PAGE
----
We have also said that the facts and circumstances in each case determine what constitutes prompt rescission. Schuler v. Humphrey, 198 Or. 458, 480, 257 P.2d 865 (1953).

The facts in this case disclose that the plaintiffs are more experienced in accounting, finance, and business than the defendants. Plaintiff Jordan is a college graduate with a degree in finance and 20 years' work experience with credit unions and as a trust officer. Plaintiff Edwards had 20 years' work experience as a bookkeeper. Prior to purchasing the Sea Breeze, plaintiffs owned and operated a Dairy Queen franchise at Depoe Bay, Oregon. Plaintiff Edwards did all of the bookkeeping for that operation and testified that he is generally familiar with restaurant costs and operating expenses and the percentage of gross sales normally realized as net profit.

Prior to defendants' purchase of the Sea Breeze they operated a dairy farm as partners on the Oregon coast. Neither had formal education beyond high school and neither is familiar with the intricacies of accounting, bookkeeping or tax returns. While defendants operated the Sea Breeze, Wilcoxen kept daily gross receipts and expenditures which were turned over to a Mrs. Bradley, who prepared their tax returns. Mrs. Bradley had no formal education in accounting, but had done business with defendants when they operated the dairy farm, and she prepared defendants' tax returns as a favor and without charge.

Plaintiffs saw an advertisement offering the Sea Breeze for sale and prior to entering into the contract, they visited the restaurant during business hours and liked what they saw. Before signing the contract, plaintiffs requested a statement showing defendants' gross sales and income for the preceding 12 months. Mrs. Bradley prepared this information on a "Schedule C" form for U.S. income tax returns. This form was given to the plaintiffs on March 5, 1973. There is a dispute in the testimony as to whether the figures on the "Schedule C" form covered the calendar year 1972 or the 12-month period ending February 28, 1973.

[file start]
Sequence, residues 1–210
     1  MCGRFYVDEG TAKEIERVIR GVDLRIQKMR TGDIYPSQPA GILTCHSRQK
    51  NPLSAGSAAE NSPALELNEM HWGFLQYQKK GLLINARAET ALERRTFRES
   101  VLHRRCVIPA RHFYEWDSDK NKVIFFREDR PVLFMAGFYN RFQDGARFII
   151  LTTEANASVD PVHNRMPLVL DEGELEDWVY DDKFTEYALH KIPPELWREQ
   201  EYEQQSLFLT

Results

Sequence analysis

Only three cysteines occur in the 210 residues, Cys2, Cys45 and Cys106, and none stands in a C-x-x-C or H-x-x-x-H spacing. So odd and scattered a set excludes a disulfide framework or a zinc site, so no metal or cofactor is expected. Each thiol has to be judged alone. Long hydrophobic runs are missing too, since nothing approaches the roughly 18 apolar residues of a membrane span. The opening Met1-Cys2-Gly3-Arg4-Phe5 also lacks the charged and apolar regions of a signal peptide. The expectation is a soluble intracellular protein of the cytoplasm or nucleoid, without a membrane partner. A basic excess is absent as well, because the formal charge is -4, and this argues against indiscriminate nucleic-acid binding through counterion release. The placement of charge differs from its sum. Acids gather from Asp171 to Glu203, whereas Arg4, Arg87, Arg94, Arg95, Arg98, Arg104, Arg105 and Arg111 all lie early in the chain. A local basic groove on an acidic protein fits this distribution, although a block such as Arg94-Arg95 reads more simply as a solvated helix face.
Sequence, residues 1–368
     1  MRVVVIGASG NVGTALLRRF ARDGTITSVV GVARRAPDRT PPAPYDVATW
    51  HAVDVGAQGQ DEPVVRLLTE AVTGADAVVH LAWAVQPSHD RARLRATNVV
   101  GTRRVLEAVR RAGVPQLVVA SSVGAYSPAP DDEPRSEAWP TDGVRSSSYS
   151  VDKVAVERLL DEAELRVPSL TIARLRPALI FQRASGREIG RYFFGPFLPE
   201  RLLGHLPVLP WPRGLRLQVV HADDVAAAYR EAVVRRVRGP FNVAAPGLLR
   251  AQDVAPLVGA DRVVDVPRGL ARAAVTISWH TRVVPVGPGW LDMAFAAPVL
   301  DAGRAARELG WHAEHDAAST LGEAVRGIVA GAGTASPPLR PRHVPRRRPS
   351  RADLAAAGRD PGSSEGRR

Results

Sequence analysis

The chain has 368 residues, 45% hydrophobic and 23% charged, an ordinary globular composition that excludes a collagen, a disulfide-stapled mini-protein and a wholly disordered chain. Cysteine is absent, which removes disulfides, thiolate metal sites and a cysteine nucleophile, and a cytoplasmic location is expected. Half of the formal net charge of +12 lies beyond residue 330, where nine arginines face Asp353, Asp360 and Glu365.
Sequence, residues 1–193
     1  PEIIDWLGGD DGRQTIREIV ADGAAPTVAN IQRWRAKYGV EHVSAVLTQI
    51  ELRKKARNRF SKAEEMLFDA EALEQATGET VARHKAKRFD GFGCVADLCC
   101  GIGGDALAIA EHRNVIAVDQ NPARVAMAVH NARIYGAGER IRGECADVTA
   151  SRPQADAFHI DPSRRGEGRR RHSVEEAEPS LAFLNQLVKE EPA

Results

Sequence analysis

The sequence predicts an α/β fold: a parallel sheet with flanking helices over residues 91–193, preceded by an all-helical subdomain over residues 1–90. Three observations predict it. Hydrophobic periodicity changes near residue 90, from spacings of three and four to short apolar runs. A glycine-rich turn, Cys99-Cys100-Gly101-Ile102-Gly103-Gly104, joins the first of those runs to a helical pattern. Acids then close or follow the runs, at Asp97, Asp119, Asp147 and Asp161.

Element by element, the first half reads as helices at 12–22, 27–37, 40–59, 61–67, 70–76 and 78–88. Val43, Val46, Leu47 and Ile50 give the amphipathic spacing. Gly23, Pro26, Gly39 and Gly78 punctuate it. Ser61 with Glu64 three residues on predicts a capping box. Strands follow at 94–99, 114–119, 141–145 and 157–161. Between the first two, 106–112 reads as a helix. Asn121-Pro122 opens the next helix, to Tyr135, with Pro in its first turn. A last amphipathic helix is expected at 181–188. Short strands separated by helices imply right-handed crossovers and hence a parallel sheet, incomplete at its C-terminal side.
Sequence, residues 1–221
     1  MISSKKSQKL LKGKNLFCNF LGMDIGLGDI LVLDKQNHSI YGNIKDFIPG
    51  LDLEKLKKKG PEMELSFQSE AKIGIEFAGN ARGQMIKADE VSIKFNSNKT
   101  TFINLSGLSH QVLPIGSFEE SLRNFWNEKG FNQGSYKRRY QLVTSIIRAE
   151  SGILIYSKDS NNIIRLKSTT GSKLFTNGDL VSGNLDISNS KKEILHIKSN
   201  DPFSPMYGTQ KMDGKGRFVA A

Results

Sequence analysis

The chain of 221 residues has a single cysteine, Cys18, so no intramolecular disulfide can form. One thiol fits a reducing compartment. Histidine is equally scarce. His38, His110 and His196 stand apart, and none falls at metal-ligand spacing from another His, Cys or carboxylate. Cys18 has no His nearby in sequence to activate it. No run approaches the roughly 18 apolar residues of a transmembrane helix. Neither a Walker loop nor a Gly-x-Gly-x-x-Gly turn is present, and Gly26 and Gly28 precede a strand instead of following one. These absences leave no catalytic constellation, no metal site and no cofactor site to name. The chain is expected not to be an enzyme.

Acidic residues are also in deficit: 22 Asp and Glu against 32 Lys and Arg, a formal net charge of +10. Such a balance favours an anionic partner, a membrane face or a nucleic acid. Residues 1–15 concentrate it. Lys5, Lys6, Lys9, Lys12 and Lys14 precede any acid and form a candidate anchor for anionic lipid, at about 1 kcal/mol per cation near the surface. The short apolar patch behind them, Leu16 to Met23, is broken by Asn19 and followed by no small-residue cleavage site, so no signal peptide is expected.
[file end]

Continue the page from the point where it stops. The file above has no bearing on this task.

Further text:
This "Schedule C" form incorrectly lists defendants' gross receipts as $75,306.67 and net profits as $37,661.47. The evidence shows that defendants' gross receipts for 1972 were $68,701.65 and for the 12-month period ending February 28, 1973, were $73,252.23. Net profits were $14,270 or $16,389.23, depending upon whether the gross profits for the calendar year 1972 or the period ending February 28, 1973, were used.

Defendant Wilcoxen testified that the discrepancy between the gross receipts listed on the Schedule C provided plaintiffs *1210 and the partnership's actual gross receipts was due to his accidental inclusion of an extra one-half month's receipts. The overstatement of the figures identified as "net profits" was due to at least two factors. First, the gross receipts and expenses were mismatched in that the expenses deducted from the gross receipts generated between March 1, 1972, and February 28, 1973, were those used by defendants on their 1972 partnership tax return. Secondly, the bulk of the discrepancy is due to defendants' failure to deduct all of the items of expense necessarily and usually deducted to arrive at a net profit. The Schedule C statement given by defendants to plaintiffs shows on its face that it covered only costs of goods sold, taxes on business and business property, wages, utilities, laundry and miscellaneous supplies. It shows no deduction for depreciation, repairs, advertising, automotive expenses, supplies, postage, freight, telephone, sanitation services, or professional expenses.